But then something peculiar happens; it decides it likes Brock, like a rich guy sitting in a high end Porsche. It doesn't eat him (much), and instead helps him to escape. Even then it clearly sees Eddie as a mode of conveyance that will allow it to eat as many other people as it wants. It even informs Eddie of its plan to hijack the next Life Foundation shuttle and bring more of its kind back to Earth so they can feast. Sort of like meat crazed cattle ranchers eating their way through their breeding stock.

Shortly thereafter, Eddie's ex manages to force the symbiote out and Eddie takes off . . . right into the hands of the Life Foundation's goons. Venom then hijacks Eddie's ex to rescue him. And in that insanely small amount of time goes from evil cattle rancher to sympathetic hero. Its a bit of a stretch really. Where are the arguments between Brock and Venom about the value of an intact society, or the value of cooperation? The value of good over evil? Where's the question of whether someone with the might has the right?

The story does try to offer an explanation by having Venom tell Eddie he's also a loser in his habitat. In other words he'd rather be top dog on Earth than lose that spot to all the arriving symbiotes Riot is bringing back with him.

But wait, wasn't that his very own plan? Wasn't he perfectly okay with his ilk arriving and eating everyone as long as he was the one to bring them? Why was that suddenly not cool when Riot showed up to enact same?

Now I'm not saying this turnabout is unreasonable, just that it happens far too quickly. No one goes from 'I'm going to eat you' to 'lets preserve the Earth and its denizens' in one night. There needs to be time for the symbiote to begin enjoying top dog status for him to fear losing it. But there's no evidence he's even enjoying his domination over all things human until he tells Brok he was a loser on his . . . well, wherever he came from. Without this distinction the growth of sympathy within the symbiote seems a bit forced to me.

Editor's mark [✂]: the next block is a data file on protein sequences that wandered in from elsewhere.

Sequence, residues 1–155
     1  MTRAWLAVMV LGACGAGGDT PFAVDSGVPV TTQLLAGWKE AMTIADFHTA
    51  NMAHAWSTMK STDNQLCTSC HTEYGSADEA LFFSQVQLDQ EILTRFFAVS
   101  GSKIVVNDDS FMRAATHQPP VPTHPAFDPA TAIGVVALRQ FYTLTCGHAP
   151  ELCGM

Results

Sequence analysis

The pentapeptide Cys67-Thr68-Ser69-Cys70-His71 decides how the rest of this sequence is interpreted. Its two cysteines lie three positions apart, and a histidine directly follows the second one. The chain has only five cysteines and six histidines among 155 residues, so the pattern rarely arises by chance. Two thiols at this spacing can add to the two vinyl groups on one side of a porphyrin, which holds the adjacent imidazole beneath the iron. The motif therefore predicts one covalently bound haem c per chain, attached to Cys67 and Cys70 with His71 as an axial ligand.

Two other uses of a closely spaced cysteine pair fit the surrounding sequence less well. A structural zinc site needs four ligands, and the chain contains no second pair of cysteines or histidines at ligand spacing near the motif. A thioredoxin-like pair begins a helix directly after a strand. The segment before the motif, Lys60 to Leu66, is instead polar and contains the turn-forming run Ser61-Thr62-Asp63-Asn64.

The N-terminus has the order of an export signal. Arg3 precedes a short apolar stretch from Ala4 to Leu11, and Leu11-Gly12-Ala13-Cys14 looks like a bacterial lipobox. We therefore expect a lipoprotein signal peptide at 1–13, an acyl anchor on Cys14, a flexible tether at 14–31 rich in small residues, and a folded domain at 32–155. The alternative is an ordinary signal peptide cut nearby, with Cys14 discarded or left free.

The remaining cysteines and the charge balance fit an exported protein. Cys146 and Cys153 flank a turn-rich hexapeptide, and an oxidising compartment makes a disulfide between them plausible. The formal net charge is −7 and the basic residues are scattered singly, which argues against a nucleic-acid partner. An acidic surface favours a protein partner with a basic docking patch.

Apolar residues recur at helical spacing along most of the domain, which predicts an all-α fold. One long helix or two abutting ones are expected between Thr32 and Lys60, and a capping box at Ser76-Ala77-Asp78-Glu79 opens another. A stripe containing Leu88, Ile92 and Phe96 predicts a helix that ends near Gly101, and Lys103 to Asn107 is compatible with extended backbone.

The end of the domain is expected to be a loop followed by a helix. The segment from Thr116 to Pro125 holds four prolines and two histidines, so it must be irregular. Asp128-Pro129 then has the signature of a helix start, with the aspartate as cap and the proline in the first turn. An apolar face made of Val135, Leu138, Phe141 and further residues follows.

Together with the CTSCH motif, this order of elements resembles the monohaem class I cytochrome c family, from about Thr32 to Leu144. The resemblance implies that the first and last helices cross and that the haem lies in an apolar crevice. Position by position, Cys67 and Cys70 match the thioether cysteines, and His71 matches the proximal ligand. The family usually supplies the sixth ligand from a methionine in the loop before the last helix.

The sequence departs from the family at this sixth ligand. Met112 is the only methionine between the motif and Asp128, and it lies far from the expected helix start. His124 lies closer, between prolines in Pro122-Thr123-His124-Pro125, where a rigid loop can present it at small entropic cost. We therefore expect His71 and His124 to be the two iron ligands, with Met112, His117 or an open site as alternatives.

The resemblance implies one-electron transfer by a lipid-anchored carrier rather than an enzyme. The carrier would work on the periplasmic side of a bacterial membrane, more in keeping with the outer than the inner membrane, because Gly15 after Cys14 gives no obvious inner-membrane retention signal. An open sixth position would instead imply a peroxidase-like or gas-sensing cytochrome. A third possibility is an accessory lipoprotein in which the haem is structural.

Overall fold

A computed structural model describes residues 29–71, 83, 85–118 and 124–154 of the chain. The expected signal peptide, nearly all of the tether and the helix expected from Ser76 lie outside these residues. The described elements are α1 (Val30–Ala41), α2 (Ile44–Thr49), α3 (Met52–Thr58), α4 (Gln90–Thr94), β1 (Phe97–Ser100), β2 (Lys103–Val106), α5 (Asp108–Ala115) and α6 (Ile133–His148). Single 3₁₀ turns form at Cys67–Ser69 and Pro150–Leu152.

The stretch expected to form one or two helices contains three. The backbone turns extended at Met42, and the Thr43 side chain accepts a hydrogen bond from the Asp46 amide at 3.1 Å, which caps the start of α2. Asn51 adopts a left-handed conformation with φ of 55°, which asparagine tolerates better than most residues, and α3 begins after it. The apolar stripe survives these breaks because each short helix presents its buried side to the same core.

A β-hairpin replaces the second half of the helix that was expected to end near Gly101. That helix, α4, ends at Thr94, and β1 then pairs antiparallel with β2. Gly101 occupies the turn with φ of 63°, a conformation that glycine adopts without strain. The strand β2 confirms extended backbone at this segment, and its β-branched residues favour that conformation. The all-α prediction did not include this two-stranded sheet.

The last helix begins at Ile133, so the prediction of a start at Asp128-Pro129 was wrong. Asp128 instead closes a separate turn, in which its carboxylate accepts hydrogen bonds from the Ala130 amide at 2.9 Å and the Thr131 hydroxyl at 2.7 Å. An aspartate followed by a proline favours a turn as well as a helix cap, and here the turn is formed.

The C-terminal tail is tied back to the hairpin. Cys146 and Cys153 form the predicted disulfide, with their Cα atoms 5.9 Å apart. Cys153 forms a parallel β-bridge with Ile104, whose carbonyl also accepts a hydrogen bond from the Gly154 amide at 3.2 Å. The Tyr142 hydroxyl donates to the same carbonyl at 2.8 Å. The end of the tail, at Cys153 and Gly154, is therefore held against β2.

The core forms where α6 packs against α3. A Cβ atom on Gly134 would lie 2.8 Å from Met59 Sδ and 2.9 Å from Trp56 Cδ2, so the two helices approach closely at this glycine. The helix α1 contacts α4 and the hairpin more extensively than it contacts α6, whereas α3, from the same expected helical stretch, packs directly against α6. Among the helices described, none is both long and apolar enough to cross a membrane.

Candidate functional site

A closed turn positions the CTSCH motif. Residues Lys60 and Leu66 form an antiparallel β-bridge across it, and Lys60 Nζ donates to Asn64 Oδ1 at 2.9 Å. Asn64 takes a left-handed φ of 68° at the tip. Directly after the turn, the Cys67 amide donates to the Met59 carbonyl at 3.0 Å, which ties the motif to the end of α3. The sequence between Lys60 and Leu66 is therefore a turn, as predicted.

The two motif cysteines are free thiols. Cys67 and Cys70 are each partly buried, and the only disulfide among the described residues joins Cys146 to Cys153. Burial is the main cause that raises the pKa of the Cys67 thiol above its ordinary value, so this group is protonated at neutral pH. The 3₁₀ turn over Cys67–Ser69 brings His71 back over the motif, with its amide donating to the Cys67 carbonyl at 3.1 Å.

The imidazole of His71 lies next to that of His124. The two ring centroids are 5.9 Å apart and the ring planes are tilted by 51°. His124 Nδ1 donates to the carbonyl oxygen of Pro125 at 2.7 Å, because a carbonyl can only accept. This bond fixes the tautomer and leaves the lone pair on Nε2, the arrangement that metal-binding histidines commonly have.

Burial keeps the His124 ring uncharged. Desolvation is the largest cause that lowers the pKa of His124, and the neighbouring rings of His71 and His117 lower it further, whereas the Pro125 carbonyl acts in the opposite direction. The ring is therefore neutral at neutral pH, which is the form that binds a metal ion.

Other than these two issues I enjoyed this movie a lot. By sidestepping the traditional jilted lover attitude of the comics (and the animated cartoon) the writer was able to add quite a bit of humor into the symbiote. The interplay between Brock and his alien hitchhiker is very well done. There are several laugh out loud moments in the movie with Venom getting all the best one liners.

Venom also has a peculiar protectiveness of Brok that goes further than simply changing the oil in your Bently. He seems to care about Eddie's relationship with his ex. He even risks himself to save Eddie at the end of the movie.

On top of that Tom Hardy does a fantastic role as the guy whose face is screaming "WHAT'S HAPPENING TO ME!????". He also does a great job of actually looking like he's having an argument with an unseen agent through the movie.

I find the plot to also be interesting. In essence, this is the story of two assholes doing what they want in the belief that they are doing what's best for humanity. Both have allowed their pride in previous accomplishments to make them think they are somehow above the boundaries society sets on us. One is censured and forced into obscurity, while the other is allowed to do whatever he wants. This creates a rift whereby the former begins to develop a respect for those boundaries, and the latter develops quite the god complex. I would not be surprised if the teased sequel dealing with Carnage (played by none other than Woody Harrelson) makes its way smoothly into production. But, whether this movie sees a sequel or not, I'd give it a solid 88%

0 views0 comments

Recent Posts

See All
bottom of page